Same War, Same Horror, Different Perspectives. AGENDA

The Birmingham Post (England), August 21, 2014 | Go to article overview

Same War, Same Horror, Different Perspectives. AGENDA


Byline: GISELA STUART

HFront, the new BBC Ra t -dio 4 programme recorded in The Mailbox in Birmingham, which goes out on weekdays at lunchtime, charts day by day the events of 100 ago.

From the first days of a war, which some thought would be over by Christmas, to the bitter end four years later.

Young men following the call to defend their country. Germans becoming the enemy, not just on the battlefield but also at home. And then the horrendous loss of life in the trenches.

It shaped a whole generation, then - and still does today.

If you stand on the corner of Hagley Road, in Edgbaston, with Highfield Road to your left and Plough and Harrow to the right you can follow the footsteps of one particular chapter of history.

To your left, JRR Tolkien's house, where he stayed when he was a pupil at King Edwards.

To your right, first the Oratory, where the fathers looked after him after his mother's early death.

And the Plough and Harrow Hotel where he stayed the last night with his young wife before going to war.

Looking down the road you see two towers. Perrot's Folly and the Edgbaston Waterworks. Whilst never conclusively proved, they could well have inspired his Two Towers in the Lords of the Rings.

But what is undeniable is that the First World War shaped Tolkien's subsequent writings.

And he was not alone. From Robert Brooke's "that there's some corner of a foreign field that is forever England" to John McRae's "In Flanders fields the poppies blow", the First World War has left an indelible mark in every sphere of British consciousness.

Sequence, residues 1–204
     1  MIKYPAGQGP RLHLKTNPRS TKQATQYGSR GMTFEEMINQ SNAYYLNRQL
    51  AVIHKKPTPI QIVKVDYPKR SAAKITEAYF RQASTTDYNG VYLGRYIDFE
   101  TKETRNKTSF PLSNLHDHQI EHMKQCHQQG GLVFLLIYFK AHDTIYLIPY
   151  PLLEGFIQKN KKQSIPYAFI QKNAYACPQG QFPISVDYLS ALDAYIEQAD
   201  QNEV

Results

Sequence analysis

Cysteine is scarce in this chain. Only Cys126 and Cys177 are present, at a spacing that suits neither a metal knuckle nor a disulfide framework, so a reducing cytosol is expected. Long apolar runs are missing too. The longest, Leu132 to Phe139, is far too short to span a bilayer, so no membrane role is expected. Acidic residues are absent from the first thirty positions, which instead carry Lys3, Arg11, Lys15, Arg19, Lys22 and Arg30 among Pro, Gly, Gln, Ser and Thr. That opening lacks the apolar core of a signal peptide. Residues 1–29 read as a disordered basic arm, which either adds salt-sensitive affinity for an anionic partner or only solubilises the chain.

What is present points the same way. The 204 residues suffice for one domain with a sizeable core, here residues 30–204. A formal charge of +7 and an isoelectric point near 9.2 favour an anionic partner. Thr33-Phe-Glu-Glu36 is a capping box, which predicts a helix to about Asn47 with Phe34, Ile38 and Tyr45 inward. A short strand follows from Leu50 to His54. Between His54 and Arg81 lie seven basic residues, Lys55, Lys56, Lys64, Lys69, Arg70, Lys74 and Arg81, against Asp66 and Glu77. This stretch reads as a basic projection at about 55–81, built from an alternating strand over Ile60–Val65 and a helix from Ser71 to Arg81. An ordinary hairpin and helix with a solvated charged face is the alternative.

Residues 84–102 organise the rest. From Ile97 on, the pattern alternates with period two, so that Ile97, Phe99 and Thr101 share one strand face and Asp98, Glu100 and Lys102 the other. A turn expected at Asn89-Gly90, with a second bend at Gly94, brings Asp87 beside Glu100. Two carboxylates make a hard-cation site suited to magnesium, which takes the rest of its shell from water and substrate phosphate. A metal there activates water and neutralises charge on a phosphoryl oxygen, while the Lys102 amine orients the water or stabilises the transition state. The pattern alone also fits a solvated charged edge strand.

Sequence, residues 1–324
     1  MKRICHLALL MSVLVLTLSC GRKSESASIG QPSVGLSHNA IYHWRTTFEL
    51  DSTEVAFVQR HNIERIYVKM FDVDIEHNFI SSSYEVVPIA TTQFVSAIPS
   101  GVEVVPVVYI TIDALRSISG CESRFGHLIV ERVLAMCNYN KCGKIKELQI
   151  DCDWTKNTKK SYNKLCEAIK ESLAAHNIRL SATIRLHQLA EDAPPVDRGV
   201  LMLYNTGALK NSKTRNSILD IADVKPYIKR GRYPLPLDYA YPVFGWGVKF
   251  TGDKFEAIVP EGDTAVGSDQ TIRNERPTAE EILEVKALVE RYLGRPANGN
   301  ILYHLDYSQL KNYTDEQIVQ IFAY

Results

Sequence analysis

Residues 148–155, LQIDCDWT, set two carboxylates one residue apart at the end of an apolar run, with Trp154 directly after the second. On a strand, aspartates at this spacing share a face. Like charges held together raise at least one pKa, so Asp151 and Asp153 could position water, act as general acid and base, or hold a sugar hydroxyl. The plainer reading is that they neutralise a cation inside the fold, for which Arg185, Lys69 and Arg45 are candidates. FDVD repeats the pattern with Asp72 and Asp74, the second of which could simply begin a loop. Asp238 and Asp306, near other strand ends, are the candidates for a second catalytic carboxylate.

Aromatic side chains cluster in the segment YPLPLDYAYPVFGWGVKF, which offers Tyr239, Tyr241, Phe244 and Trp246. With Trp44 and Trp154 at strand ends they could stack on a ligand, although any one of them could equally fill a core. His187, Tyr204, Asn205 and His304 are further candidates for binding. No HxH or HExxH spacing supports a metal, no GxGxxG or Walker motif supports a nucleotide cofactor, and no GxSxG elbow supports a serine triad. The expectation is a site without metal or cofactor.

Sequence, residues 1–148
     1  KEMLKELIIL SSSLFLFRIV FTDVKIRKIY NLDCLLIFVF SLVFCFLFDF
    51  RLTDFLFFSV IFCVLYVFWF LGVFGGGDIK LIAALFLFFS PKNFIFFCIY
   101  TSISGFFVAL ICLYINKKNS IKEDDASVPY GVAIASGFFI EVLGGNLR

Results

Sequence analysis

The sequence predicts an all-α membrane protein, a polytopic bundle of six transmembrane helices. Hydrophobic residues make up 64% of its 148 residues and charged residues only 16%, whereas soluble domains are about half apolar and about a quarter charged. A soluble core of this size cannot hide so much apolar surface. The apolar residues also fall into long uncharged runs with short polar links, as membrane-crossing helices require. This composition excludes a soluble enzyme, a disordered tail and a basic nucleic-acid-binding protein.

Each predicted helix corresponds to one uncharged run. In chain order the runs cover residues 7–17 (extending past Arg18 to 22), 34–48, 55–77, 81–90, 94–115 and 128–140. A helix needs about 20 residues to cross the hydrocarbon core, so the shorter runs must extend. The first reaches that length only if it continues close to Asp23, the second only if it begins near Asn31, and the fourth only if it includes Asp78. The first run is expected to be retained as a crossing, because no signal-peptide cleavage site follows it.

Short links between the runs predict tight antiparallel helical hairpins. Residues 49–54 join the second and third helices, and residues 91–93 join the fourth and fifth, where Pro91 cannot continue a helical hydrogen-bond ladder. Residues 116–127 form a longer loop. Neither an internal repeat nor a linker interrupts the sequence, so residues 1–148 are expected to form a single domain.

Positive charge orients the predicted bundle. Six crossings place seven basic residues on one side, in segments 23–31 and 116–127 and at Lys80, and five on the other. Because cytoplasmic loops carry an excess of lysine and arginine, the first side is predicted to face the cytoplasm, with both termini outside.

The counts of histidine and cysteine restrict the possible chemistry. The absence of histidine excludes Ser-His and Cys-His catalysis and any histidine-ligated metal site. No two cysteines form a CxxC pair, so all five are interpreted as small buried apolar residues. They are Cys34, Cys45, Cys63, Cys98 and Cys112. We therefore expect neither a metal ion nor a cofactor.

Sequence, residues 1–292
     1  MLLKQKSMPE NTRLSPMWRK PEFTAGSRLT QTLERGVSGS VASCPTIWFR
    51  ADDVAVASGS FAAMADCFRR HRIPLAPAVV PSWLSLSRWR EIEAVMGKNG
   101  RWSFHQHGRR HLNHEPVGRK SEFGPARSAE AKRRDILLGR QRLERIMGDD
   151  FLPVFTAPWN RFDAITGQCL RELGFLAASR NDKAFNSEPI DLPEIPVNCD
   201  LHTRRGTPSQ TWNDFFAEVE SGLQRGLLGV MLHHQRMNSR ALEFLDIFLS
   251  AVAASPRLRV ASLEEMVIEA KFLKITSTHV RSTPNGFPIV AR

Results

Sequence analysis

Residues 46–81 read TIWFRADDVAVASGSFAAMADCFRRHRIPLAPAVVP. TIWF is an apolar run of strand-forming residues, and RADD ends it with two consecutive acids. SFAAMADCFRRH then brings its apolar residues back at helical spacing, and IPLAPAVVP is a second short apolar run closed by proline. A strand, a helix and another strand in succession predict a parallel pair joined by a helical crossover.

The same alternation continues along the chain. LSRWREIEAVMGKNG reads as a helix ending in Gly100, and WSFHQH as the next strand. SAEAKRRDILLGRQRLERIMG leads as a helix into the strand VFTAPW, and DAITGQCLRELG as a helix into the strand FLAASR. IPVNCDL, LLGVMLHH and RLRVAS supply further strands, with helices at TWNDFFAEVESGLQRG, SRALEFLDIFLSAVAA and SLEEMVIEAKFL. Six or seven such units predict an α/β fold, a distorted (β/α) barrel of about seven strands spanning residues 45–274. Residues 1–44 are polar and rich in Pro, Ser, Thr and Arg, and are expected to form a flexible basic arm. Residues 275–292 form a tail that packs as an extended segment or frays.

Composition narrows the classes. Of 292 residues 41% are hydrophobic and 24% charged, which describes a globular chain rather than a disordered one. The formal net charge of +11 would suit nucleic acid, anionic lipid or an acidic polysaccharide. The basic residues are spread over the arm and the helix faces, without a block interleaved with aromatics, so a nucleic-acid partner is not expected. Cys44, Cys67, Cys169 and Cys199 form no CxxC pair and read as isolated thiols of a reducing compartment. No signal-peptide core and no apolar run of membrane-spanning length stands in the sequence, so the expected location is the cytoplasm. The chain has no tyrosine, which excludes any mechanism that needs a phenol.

Not so in Germany. For them, 1914 was simply the beginning of a 31 year nightmare which ended in 1945.

The 1918 settlement provided the backdrop and the seeds for the rise of Hitler and the National Socialists.

The Second World War wasn't just another war, it was worse than any other war that had gone before. It had at its heart the extermination of an entire race.

After 1945, for a German, there could no longer be any glory in wearing a military uniform.

The immediate post war generation took a deep look into its collective soul and found itself wanting. From the first Federal German Republic, to Willy Brand kneeling in front of the war memorial in Poland to the fall of the Berlin Wall and German unification, it was the story of a nation coming to terms with its past.

And it has done so. Since 1989, for the first time in its entire history the national boundaries of the German state have been concurrent with the notion of being German.

The Chancellor Angela Merkel once observed that modern Germany was forged by the experience of the Holocaust, its relationship with America and held together by its membership of the European Union. I was thinking about this at the memorial service in Birmingham Cathedral on August 3. The Dean recounted her own family experience, two representatives from the German churches were present, and the cathedral was filled with members of armed forces, wearing full uniform.

Hundred years on, it is the attitude to the armed forces which is a most striking difference. …

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